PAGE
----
Many Linux distributions use an in-memory filesystem as a temporary root filesystem when booting. There are two forms of such in-memory filesystems: initrd, the traditional form, which is a RAM drive, and initramfs, the modern form, which is a filesystem filled by data from an archive.
The job of the programs on the initrd (or initramfs, the difference is irrelevant here) is to do everything that is necessary to mount the root filesystem. This includes loading modules for the relevant drivers (for the hard disk, for the root filesystem type, and for any other data layer such as RAID and volume encryption). This also includes making the root volume ready for use. Prompting the user for the encryption password is one of these tasks.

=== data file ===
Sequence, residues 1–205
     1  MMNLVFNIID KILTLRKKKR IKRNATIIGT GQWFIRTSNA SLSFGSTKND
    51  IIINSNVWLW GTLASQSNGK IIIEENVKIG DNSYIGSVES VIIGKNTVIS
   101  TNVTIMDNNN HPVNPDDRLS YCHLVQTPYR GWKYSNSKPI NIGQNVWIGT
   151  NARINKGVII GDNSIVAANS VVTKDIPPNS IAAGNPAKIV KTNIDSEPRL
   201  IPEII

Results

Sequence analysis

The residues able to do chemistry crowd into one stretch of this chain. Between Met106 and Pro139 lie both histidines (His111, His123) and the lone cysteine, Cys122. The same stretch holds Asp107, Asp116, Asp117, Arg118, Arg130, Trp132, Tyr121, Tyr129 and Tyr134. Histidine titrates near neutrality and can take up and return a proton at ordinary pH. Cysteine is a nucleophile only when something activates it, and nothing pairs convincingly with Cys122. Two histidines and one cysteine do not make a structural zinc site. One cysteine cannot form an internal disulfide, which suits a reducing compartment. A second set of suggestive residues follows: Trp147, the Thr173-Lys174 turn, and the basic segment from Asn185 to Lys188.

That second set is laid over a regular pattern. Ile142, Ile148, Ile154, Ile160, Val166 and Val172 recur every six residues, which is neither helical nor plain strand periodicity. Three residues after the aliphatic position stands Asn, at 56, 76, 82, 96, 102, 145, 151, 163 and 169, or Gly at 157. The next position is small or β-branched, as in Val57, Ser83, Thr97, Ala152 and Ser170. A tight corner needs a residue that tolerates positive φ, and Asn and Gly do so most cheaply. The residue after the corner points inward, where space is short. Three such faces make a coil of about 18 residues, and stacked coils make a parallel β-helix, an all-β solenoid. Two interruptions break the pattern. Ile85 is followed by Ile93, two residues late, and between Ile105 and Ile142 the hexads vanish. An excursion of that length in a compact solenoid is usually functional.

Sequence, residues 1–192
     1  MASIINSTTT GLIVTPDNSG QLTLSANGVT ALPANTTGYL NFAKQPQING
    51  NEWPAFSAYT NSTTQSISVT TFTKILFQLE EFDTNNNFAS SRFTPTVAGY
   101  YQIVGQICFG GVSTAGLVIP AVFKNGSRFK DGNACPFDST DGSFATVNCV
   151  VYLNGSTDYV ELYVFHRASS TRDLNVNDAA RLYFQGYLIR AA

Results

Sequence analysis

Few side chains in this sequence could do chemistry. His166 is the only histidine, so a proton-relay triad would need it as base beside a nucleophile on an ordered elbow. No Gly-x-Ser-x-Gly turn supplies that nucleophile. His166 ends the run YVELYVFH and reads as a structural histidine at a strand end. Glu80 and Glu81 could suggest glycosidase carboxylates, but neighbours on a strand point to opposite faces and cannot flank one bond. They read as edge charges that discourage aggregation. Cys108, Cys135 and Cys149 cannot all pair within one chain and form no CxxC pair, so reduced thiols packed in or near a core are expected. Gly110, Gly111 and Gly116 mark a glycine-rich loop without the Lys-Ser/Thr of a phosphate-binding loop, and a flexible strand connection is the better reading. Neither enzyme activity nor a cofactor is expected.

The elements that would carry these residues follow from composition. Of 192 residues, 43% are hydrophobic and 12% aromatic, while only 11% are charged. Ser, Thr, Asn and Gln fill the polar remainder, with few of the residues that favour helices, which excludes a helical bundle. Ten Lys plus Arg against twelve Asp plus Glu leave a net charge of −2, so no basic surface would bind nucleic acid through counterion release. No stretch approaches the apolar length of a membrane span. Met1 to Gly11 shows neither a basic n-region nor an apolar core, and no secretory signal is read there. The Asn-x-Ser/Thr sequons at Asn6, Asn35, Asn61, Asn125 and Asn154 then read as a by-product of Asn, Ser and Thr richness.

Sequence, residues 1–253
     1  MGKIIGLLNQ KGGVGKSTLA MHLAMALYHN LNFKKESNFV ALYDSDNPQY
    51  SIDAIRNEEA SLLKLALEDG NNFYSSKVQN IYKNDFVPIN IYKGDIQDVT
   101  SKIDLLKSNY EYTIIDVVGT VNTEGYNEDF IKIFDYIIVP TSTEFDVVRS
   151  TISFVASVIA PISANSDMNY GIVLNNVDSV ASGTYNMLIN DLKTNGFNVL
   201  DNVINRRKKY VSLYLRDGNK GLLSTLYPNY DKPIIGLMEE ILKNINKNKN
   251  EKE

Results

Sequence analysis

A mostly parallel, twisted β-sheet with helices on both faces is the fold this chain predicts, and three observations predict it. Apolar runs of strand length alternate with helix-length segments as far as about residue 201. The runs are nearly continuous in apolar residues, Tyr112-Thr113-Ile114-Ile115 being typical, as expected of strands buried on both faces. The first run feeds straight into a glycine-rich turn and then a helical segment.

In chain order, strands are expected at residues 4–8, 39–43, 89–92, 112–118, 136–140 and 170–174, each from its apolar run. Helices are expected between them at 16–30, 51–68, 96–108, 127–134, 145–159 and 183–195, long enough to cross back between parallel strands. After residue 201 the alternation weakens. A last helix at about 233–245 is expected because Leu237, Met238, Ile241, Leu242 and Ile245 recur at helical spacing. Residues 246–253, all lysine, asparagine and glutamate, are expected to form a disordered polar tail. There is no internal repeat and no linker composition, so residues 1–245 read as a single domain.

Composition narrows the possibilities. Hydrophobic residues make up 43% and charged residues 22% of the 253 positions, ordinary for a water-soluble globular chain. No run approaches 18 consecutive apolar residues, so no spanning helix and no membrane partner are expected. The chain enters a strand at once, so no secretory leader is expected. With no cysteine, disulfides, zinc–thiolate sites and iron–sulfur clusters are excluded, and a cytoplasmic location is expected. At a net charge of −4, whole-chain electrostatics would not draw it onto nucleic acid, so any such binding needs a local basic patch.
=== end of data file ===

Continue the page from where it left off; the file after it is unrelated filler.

The initrd is loaded by the bootloader (Grub, Lilo, …) at the same time as the kernel. It is generally stored in the same directory as the kernel, in
Most distributions arrange to regenerate the initrd whenever the kernel is upgraded. You may also need to regenerate the initrd in other circumstances such as a change in the location of the root filesystem or of the type of volume. If the root filesystem is encrypted, the distribution will make sure that the initrd contains
crypttab (these are copies from the root filesystem made when the initrd is generated).